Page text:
Now twenty years later, I’m considering the reality of the childcare burden. I’m loving the banter between Danny DeVito and his real-life wife Rhea Pearlman as the dastardly Wormwoods, and I’m concerned that a toddler can cook better than me. But I still remember the scratchy rug under my legs – and my nausea during the infamous Bruce Bogtrotter cake scene. I also have a newfound sympathy with the comically villainous Miss Trunchbull when she snaps: ‘Why are all these women married?!’
When you discover a new cultural reference or adult joke in a film you thought you knew back to front, it’s like the past reasserting itself; almost a jolt. And, years later, you might experience a deeper emotional impact, giving you a sense of how you might have changed – as well as the world around you.
For example, Babe (Chris Noonan, 1995), a childhood staple for an animal-loving city girl, has just been added to Netflix. Vaguely recalling a gentle farm romp, I was shocked at the scenes of the cruel abattoir, the allusions to domestic abuse, the kind farmer’s metal tools of slaughter and evisceration, and Ferdinand the disillusioned duck screaming: ‘Christmas means carnage!’ Did I forget all that, or did I miss it as a child? After a quick Google, I learned that the success of the 1995 film caused a significant spike in vegetarianism – and James Cromwell, who played Farmer Hoggett, became a champion of ethical meat-free lifestyles.
So many films we take for granted, even dismiss as ‘children’s films’, elicit a far stronger response in adults, leaving you unexpectedly overwrought. The Hunchback of Notre Dame (Gary Trousdale and Kirk Wise, 1996) features Quasimodo’s guardian, the pious Judge Frollo, whose genocidal obsession with wiping out and burning the Gypsies, and his contrary sexual fixation on Esmeralda, makes for uncomfortable viewing – particularly considering the charges against Disney of racism, misogyny and anti-Semitism. And the Toy Story (John Lasseter, 1995) franchise, with its themes of jealousy, fear of irrelevance and a bittersweet sense of growing up and putting away your childish things, hits you more as a young adult than it ever did when you were a child.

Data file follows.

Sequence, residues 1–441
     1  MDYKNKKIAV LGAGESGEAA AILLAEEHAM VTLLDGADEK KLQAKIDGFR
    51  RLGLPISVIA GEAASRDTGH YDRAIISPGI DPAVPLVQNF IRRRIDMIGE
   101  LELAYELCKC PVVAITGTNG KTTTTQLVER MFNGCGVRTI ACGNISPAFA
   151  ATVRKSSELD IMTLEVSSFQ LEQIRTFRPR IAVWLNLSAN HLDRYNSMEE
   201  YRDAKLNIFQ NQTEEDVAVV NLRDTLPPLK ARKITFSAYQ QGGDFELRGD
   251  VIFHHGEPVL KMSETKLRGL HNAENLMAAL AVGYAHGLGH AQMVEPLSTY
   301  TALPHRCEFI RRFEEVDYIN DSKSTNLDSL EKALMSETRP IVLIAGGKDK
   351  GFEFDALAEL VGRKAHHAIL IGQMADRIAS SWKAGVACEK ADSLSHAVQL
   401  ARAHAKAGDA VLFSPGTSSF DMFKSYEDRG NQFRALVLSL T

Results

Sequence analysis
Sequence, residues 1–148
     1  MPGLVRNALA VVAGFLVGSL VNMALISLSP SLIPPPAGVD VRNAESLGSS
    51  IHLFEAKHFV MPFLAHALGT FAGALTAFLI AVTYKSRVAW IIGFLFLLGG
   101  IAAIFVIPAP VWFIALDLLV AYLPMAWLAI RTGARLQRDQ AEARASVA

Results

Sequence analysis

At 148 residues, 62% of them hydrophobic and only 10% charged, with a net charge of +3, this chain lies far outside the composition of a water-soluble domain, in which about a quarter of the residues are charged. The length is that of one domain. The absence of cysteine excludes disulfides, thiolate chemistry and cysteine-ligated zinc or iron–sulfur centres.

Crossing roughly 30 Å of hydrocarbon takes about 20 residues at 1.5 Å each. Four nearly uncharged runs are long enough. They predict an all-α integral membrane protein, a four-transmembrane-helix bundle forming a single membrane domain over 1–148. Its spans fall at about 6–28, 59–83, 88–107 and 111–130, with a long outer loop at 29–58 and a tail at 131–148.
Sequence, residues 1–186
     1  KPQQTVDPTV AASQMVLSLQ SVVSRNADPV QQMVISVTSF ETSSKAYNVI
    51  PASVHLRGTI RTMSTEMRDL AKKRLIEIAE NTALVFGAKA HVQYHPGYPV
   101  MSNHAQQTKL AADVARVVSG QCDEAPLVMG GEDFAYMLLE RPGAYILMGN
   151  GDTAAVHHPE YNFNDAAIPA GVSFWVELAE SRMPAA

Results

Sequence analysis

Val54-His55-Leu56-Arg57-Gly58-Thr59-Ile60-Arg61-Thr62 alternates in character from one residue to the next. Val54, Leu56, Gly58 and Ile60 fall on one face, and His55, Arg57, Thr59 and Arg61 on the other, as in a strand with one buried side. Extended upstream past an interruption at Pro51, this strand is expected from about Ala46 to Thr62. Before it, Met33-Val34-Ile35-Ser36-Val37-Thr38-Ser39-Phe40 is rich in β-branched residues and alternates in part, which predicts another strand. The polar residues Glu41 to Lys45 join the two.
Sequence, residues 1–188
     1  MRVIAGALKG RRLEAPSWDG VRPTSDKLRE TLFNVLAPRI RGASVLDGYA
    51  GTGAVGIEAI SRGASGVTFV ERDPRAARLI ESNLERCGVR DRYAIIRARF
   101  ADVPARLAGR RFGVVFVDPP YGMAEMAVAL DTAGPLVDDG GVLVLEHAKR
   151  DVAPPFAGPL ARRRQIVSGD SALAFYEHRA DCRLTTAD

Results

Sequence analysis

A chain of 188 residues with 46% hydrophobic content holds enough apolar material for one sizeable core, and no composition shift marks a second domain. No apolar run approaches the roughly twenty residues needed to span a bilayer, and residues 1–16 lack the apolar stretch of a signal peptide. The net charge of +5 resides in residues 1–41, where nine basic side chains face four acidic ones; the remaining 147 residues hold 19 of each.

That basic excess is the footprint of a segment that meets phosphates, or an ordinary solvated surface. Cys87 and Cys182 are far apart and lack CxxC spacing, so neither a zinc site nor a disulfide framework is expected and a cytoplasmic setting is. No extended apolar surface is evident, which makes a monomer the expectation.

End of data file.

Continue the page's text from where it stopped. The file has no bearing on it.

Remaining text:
Another childhood favourite, the 1998 version of The Parent Trap (Nancy Meyers) starring Lindsay Lohan, is all but ruined once you consider the unconscionable cruelty of what the parents really did, how unlikely it is that their daughters would ever forgive them, much less force them back together. As with Mean Girls (Mark Waters, 2004), it’s also difficult not to reflect on the stark and tragic difference between the Lohan of then, the talented young star, and the Lohan of now.